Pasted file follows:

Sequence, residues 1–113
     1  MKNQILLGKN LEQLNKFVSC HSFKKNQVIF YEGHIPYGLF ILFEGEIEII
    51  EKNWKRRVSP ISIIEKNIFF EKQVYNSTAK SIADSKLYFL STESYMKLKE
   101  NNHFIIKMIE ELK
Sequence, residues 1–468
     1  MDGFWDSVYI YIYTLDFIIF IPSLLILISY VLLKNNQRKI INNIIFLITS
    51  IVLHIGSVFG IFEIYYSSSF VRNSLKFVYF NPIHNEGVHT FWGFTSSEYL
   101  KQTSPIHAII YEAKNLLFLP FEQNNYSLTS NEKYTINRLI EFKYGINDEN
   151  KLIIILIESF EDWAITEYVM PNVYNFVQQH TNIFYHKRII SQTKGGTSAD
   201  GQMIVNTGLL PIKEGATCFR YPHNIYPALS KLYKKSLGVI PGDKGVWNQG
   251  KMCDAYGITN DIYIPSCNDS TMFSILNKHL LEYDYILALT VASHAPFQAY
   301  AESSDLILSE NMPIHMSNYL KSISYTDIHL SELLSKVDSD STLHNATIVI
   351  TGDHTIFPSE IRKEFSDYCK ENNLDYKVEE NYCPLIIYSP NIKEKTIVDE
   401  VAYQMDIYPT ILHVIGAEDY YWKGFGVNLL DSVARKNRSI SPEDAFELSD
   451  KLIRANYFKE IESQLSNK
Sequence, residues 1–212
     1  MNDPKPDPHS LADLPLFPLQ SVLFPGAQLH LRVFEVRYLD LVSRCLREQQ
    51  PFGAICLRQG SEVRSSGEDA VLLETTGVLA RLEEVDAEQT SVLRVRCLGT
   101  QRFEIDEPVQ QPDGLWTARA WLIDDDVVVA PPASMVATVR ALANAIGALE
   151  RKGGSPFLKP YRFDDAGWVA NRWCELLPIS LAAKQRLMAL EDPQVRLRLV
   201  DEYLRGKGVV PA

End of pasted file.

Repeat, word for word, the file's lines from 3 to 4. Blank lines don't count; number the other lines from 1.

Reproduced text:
    51  EKNWKRRVSP ISIIEKNIFF EKQVYNSTAK SIADSKLYFL STESYMKLKE
   101  NNHFIIKMIE ELK